Dan Smith still talks about the experience like it happened yesterday.
It was Aug. 7, 1999, and the Montreal Expos rookie pitcher was standing behind home plate during an early session of batting practice. Just a day earlier, Smith served San Diego Padres legend Tony Gwynn his 3,000th hit, and he was still trying to wrap his mind around what it all meant.
That was when Gwynn approached Smith and introduced himself.
“He said, ‘whether you like it or not, you’re a big part of what happened last night so I want to give you a few things for you to remember the night. It’s going to be a part of history and something you’ll remember the rest of your career,’ ” the Girard High School graduate recalled Gwynn saying to him.
“He was right. He gave me a jersey that he signed. He gave me a bat. He gave me about a dozen baseballs. We had a nice conversation about his career, and I got to pick his brain a little bit about hitting. He showed a genuine interest in who I was as a person, and he showed a genuine interest in my career. I’ll never forget that.”
Gwynn died Monday of oral cancer at the age of 54. The Hall of Famer finished his career with 3,141 hits, a .338 career batting average and eight batting titles.
“I was shocked and saddened,” Smith said. “I knew that Tony had been battling some health issues, but I was not aware to the extent that it was. Obviously, 54 years old is way too young to die.
“Tony was a class act, and a guy who I think everyone would agree was a human being who people would want to model themselves after in any profession.”
Smith pitched four seasons in the majors, finishing with a 7-12 record and a 5.23 ERA. He retired 20 consecutive batters and earned a win against the Boston Red Sox in his major league debut.
Still, Smith’s major league career is probably best remembered for giving up the historic hit to Gwynn.
“It was a 1-2 slider with a guy on first,” Smith said. “He barely got it. He hit it good, but he had to go down and get it. It was a good pitch. In true Tony Gwynn fashion, the better the pitch the better he was at going down and digging it out. He reached down and slapped it up the middle ... It was a good pitch, but it was a great piece of hitting. I think it was pretty appropriate that he went down and manufactured a base hit behind in the count like he did 2,900 other times in his career.
“It was my favorite hit that I ever gave up, obviously.”
A few weeks later, the Expos were on a road trip to San Diego. Ironically, the Padres’ promotion that night was a Tony Gwynn 3,000th hit poster giveaway.
“I show up to the locker room the first day, and in my locker there was a framed poster of him getting the hit that said, ‘Dan, it was a good pitch — Tony Gwynn,’ ” Smith said. “So even a few weeks later, he saw that poster and thought it would be something good to give to the kid for something him to remember the night by. He was just a class human being.”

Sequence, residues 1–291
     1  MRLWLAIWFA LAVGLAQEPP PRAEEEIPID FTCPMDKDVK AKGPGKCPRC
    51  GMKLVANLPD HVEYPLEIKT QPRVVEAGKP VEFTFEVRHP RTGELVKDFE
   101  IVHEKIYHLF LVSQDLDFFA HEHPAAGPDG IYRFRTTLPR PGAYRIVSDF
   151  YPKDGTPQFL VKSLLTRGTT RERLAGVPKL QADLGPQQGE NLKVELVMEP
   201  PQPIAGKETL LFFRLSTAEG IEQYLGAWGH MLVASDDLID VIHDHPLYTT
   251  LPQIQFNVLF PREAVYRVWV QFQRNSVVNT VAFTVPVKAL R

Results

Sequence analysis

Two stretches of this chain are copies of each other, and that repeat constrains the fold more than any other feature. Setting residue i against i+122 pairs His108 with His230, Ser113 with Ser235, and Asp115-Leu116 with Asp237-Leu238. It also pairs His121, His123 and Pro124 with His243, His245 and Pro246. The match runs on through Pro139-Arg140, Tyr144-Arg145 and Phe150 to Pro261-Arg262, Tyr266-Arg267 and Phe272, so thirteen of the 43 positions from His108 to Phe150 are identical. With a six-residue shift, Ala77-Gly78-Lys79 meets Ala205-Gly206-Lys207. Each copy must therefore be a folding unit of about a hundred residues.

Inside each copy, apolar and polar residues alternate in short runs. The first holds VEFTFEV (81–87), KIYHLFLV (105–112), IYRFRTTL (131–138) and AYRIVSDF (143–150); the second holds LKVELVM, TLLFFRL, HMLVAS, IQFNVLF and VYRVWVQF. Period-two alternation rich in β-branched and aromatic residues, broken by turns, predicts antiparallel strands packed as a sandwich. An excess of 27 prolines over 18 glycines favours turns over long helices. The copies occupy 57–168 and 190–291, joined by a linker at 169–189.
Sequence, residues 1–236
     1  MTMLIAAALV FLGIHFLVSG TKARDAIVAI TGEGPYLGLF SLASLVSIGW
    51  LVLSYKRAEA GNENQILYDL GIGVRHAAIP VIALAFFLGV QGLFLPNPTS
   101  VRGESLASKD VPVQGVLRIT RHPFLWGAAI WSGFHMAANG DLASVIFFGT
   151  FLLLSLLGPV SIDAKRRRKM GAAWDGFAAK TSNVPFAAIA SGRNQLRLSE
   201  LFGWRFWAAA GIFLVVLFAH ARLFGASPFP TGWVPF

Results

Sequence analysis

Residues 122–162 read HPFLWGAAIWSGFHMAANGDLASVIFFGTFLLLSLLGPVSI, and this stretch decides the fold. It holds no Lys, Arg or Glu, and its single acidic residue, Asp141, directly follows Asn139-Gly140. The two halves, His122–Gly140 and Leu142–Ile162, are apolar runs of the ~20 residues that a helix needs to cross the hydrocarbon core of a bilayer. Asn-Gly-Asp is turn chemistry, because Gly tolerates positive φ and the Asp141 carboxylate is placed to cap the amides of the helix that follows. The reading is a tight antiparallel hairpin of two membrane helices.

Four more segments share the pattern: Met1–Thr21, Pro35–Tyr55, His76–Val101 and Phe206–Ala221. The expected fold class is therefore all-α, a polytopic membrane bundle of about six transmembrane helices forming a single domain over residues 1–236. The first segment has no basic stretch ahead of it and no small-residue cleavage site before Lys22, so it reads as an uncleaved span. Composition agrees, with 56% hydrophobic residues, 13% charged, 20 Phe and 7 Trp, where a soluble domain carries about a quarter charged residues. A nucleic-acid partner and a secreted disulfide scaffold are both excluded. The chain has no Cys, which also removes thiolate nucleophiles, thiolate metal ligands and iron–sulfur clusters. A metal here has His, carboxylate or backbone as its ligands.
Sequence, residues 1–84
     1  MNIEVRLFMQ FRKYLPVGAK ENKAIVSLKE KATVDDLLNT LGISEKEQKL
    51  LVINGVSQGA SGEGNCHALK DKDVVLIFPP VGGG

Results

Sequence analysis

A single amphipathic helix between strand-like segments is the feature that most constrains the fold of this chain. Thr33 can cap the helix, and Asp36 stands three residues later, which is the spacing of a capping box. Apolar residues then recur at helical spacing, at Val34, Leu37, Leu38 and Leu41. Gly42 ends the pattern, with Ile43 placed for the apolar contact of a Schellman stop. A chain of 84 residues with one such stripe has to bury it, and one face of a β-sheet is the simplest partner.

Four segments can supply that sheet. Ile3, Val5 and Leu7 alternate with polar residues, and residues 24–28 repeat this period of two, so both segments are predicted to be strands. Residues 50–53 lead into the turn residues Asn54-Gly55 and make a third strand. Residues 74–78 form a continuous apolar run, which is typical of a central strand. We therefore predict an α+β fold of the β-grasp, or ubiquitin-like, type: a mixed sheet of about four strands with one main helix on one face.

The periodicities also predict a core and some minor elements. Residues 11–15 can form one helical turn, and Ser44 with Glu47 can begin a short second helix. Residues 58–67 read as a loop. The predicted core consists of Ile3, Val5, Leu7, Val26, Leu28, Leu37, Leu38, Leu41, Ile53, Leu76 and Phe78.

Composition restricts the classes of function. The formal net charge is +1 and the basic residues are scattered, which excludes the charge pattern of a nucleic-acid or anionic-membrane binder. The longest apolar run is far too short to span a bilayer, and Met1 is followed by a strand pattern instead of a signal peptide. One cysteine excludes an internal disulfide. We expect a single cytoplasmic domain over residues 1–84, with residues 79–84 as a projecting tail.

Smith admired Gwynn, who enjoyed a 20-year career with the Padres from 1982-2001, even as a child. He and his younger brother, Dustin Smith, used to spend hours in the backyard playing wiffleball dreaming that they’d one day grow up to be a major leaguer like Gwynn.
Dustin Smith went to to play professionally in the Texas Rangers organization and remains a scout for the Rangers.
“Every morning, we started by picking teams,” Dan Smith said. “And I can assure you that Tony Gwynn was one of the guys who we pretended to be in the backyard every single day. He not only was one of the best in the game while we were kids, but he was one of the best to ever play the game.”
Smith said he is honored to share a connection with one of the all-time greats and the best hitter he ever faced.
Gwynn hit above .300 in every complete season and struck out only 434 times in 10,232 plate appearances. He struck out three times in a game only once in his 2,440-game career.
“If you faced Tony Gwynn, he was the best hitter you ever faced,” Smith said. “Because nobody faced Gwynn and Ted Williams. They’re 1A and 1B in my mind and anybody who knows anything about baseball. If you faced Tony Gwynn, you faced the best.”
Smith’s major league baseball career ended in 2003. He now lives in rural Girard and serves as the chief operating officer for Watco Companies in Pittsburg, but his link to Gwynn has remained.
“What made it really meaningful wasn’t that it’s a trivia question, but the conversations that I got to have with Tony after the fact,” Smith said. “I had several conversations with him throughout that year and when I crossed paths through the rest of my career.
“I had the chance to come across him a few years ago at a non-baseball related function. He still felt the need to say hi and talk with me and ask how my family was. By no means were we friends, but for him to go out of his way to remember a guy who threw a pitch ... It means a lot to me. It just shows what kind of guy he was.”